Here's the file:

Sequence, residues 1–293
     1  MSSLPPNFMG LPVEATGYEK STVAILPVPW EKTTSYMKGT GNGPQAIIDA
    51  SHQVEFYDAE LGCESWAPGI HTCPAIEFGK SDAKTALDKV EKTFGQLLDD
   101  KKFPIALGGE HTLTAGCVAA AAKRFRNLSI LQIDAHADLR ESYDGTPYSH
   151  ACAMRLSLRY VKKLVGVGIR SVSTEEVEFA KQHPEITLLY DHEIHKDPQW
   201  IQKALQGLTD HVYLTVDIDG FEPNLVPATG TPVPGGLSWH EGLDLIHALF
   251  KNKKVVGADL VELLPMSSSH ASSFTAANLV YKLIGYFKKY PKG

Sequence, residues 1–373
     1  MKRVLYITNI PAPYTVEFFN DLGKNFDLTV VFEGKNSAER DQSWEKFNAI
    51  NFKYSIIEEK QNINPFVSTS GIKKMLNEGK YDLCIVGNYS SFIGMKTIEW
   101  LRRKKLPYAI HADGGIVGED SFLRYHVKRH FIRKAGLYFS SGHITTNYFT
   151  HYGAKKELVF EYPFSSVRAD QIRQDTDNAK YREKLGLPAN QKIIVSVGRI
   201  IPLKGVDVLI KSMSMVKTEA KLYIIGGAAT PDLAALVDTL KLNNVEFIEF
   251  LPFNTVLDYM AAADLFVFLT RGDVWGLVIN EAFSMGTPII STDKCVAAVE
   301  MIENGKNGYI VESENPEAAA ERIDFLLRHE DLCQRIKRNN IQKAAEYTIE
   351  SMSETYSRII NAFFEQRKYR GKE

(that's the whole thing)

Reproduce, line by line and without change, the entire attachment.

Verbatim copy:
Sequence, residues 1–293
     1  MSSLPPNFMG LPVEATGYEK STVAILPVPW EKTTSYMKGT GNGPQAIIDA
    51  SHQVEFYDAE LGCESWAPGI HTCPAIEFGK SDAKTALDKV EKTFGQLLDD
   101  KKFPIALGGE HTLTAGCVAA AAKRFRNLSI LQIDAHADLR ESYDGTPYSH
   151  ACAMRLSLRY VKKLVGVGIR SVSTEEVEFA KQHPEITLLY DHEIHKDPQW
   201  IQKALQGLTD HVYLTVDIDG FEPNLVPATG TPVPGGLSWH EGLDLIHALF
   251  KNKKVVGADL VELLPMSSSH ASSFTAANLV YKLIGYFKKY PKG

Sequence, residues 1–373
     1  MKRVLYITNI PAPYTVEFFN DLGKNFDLTV VFEGKNSAER DQSWEKFNAI
    51  NFKYSIIEEK QNINPFVSTS GIKKMLNEGK YDLCIVGNYS SFIGMKTIEW
   101  LRRKKLPYAI HADGGIVGED SFLRYHVKRH FIRKAGLYFS SGHITTNYFT
   151  HYGAKKELVF EYPFSSVRAD QIRQDTDNAK YREKLGLPAN QKIIVSVGRI
   201  IPLKGVDVLI KSMSMVKTEA KLYIIGGAAT PDLAALVDTL KLNNVEFIEF
   251  LPFNTVLDYM AAADLFVFLT RGDVWGLVIN EAFSMGTPII STDKCVAAVE
   301  MIENGKNGYI VESENPEAAA ERIDFLLRHE DLCQRIKRNN IQKAAEYTIE
   351  SMSETYSRII NAFFEQRKYR GKE